due to interaction in confluencing cold drainage air, shown herein with the warm moist air from the Amazon basin.


The authors are indebted to the German Research Foundation (DFG) for the funding of the work in the scope of the Research Unit RU816 ’Biodiversity and Sustainable Management of a Megadiverse Mountain Ecosystem in South Ecuador’, sub projects B3.1 and Z1.1 (BE 1780/15-1, NA 783/1-1).


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4 Katabatic Flows and the

Formation of Convective Clouds

This chapter was submitted 31 August 2010 toJournal of Applied Meteorology and Climatology.

4 Katabatic Flows and the Formation of Convective Clouds

Katabatic Flows and Their Relation to the Formation of Convective Clouds - Idealised

Case Studies

Katja Trachte and Jörg Bendix

Laboratory for Climatology and Remote Sensing (LCRS), Faculty of Geography, Philipps-University Marburg, Marburg, Germany

Abstract A reduced terrain model representing the main features of the eastern Andes of southern Ecuador and northern Peru, and the adja-cent Amazon basin was used to investigate the formation of a katabatic induced surface cold front and sequentially initiation of deep moist con-vection. The topographical elements included describe a concave ridge-line with several valleys directed into a basin, forming a large drainage system regime. The effects of the terrain configuration was studied with an idealised numerical model. Inside the basin, a surface front following the concave terrain line developed due to the propagating cold air, gen-erating a density / temperature gradient. When the confluence of the cold air was strong enough, the air in the centre of the basin began to rise. On the basis of sufficient moisture in the atmosphere, a convective cloud system formed. As an additional trigger mechanism, a noctur-nal low level jet intensified the atmospheric instabilities in the planetary boundary layer. The result was a more severe cloud cluster.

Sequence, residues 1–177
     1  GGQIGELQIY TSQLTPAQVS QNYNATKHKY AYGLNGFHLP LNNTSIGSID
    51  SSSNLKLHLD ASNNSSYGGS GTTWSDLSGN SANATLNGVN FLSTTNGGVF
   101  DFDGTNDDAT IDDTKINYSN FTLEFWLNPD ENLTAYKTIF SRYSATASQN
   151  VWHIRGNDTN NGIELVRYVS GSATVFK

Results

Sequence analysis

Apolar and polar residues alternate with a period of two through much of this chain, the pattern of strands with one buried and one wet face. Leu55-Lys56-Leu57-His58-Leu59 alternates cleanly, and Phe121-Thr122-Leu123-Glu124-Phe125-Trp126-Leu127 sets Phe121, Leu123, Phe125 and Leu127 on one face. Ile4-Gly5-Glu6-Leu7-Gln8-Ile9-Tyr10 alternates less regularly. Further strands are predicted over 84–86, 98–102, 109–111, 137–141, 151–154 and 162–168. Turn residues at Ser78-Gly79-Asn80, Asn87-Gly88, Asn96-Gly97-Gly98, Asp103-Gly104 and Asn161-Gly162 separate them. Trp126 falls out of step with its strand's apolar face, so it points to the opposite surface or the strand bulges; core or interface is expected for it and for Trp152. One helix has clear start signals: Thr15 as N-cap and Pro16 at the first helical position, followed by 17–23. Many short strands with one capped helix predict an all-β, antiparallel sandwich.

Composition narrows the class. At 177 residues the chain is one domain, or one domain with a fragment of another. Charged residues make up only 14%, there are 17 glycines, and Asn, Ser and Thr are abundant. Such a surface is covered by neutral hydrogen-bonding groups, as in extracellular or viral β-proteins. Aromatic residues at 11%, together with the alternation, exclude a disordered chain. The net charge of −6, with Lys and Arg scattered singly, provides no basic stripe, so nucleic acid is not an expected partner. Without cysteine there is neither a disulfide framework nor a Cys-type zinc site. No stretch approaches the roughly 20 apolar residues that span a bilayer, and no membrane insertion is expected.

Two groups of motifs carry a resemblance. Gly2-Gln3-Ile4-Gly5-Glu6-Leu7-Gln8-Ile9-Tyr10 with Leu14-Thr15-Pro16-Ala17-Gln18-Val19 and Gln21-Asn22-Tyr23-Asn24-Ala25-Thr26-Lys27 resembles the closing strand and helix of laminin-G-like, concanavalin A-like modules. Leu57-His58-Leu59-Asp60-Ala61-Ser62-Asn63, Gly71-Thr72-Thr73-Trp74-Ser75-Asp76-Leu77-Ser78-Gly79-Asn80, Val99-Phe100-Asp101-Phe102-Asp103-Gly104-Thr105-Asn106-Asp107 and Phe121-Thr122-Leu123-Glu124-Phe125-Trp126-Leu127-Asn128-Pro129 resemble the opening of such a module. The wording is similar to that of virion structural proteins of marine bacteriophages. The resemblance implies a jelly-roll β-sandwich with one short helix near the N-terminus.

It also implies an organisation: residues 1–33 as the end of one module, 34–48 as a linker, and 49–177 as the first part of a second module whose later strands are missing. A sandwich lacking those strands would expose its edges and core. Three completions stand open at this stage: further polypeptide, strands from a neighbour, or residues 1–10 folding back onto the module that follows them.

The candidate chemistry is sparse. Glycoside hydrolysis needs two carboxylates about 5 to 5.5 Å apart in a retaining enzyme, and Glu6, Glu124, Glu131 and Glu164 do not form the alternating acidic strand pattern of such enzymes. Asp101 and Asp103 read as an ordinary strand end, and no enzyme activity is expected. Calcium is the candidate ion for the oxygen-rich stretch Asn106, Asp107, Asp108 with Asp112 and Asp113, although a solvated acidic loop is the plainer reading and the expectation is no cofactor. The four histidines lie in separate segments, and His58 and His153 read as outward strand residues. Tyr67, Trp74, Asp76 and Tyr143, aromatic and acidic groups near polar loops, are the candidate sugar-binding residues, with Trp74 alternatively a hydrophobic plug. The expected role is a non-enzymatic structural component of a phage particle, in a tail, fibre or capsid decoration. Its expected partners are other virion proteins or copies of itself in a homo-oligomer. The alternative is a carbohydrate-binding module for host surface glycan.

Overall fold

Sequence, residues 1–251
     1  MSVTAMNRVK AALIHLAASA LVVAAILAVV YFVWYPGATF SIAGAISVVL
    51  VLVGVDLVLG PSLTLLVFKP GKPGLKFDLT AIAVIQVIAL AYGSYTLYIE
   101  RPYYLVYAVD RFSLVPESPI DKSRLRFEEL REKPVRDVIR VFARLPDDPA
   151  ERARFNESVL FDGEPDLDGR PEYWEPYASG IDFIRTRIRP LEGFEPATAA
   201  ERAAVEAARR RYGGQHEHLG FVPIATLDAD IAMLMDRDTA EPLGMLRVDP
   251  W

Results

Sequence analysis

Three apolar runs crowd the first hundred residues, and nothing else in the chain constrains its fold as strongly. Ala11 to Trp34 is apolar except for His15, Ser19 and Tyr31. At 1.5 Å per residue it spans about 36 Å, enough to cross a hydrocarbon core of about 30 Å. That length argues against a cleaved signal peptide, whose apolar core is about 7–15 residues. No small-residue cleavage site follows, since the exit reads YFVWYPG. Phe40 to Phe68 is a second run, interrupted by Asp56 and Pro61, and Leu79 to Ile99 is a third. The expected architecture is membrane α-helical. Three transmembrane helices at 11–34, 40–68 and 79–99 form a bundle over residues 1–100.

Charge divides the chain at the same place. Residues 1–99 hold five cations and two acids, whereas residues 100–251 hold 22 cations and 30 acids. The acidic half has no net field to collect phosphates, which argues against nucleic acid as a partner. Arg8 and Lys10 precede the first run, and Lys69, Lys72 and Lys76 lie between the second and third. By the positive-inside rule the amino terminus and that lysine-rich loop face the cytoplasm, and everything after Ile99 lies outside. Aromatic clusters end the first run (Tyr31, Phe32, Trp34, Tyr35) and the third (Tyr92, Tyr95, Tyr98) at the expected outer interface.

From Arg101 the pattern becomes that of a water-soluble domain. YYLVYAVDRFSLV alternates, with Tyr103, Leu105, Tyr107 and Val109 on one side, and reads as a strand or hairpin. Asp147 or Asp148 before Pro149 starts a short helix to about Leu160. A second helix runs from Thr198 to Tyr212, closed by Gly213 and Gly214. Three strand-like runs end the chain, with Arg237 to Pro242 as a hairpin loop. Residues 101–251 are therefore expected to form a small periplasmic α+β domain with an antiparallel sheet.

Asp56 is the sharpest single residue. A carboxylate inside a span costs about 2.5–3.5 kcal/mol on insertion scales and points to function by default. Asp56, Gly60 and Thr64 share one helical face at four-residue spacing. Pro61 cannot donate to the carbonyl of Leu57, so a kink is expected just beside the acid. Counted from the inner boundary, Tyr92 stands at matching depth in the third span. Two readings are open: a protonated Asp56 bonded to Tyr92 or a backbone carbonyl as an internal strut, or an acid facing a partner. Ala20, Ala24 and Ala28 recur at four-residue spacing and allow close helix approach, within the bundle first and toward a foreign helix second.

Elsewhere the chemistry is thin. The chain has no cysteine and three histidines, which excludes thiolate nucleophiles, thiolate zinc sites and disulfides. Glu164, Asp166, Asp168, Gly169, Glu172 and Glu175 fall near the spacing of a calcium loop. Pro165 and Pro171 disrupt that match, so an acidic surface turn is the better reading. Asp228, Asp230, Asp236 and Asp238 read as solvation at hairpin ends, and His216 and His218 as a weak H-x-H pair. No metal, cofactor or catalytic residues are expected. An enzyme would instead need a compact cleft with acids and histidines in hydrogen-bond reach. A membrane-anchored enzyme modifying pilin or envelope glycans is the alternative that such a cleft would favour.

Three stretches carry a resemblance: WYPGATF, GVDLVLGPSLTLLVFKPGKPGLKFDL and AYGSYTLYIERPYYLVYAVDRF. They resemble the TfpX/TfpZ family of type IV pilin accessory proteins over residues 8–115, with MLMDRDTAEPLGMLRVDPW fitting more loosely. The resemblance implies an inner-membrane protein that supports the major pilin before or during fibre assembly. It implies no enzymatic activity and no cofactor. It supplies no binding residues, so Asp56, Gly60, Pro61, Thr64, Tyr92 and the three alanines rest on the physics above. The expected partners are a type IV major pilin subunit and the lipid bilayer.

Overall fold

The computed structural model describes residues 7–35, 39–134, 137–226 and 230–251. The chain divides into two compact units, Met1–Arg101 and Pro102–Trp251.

Keywords Cold front, Katabatic flows, Cloud cluster

4.1 Introduction

4.1 Introduction

A density current is a flow that is sustained by a density difference between two fluids. They are a common feature in the atmosphere and frequently investigated (Simpson and Britter, 1980; Bischhoff-Gauss and Gross, 1989). An example of an atmospheric density current is a katabatic flow (Haase and Smith, 1989; Sun et al., 2002): The thermally-induced flow of colder and therefore denser air down a slope into a less dense, warmer fluid driven by a horizontal temperature gradient.